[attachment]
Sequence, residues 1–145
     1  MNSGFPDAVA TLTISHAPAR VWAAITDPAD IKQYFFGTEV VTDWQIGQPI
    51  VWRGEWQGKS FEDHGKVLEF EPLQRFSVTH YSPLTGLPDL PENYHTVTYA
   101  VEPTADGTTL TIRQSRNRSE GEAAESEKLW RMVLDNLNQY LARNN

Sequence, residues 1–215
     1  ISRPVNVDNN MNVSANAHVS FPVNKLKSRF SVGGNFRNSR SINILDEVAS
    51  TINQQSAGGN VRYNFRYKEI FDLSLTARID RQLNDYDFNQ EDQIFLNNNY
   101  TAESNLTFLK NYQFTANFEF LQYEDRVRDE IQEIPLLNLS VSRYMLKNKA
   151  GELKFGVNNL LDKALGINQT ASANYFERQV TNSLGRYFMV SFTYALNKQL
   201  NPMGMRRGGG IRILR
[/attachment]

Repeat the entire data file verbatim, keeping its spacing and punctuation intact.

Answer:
Sequence, residues 1–145
     1  MNSGFPDAVA TLTISHAPAR VWAAITDPAD IKQYFFGTEV VTDWQIGQPI
    51  VWRGEWQGKS FEDHGKVLEF EPLQRFSVTH YSPLTGLPDL PENYHTVTYA
   101  VEPTADGTTL TIRQSRNRSE GEAAESEKLW RMVLDNLNQY LARNN

Sequence, residues 1–215
     1  ISRPVNVDNN MNVSANAHVS FPVNKLKSRF SVGGNFRNSR SINILDEVAS
    51  TINQQSAGGN VRYNFRYKEI FDLSLTARID RQLNDYDFNQ EDQIFLNNNY
   101  TAESNLTFLK NYQFTANFEF LQYEDRVRDE IQEIPLLNLS VSRYMLKNKA
   151  GELKFGVNNL LDKALGINQT ASANYFERQV TNSLGRYFMV SFTYALNKQL
   201  NPMGMRRGGG IRILR